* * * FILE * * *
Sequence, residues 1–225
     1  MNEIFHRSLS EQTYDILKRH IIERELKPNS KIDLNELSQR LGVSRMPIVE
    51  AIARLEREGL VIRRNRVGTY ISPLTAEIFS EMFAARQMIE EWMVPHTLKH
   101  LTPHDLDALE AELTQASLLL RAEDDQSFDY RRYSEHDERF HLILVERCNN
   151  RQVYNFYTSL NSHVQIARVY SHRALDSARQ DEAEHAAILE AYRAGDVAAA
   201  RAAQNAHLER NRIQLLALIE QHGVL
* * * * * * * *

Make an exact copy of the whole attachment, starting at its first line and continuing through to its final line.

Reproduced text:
Sequence, residues 1–225
     1  MNEIFHRSLS EQTYDILKRH IIERELKPNS KIDLNELSQR LGVSRMPIVE
    51  AIARLEREGL VIRRNRVGTY ISPLTAEIFS EMFAARQMIE EWMVPHTLKH
   101  LTPHDLDALE AELTQASLLL RAEDDQSFDY RRYSEHDERF HLILVERCNN
   151  RQVYNFYTSL NSHVQIARVY SHRALDSARQ DEAEHAAILE AYRAGDVAAA
   201  RAAQNAHLER NRIQLLALIE QHGVL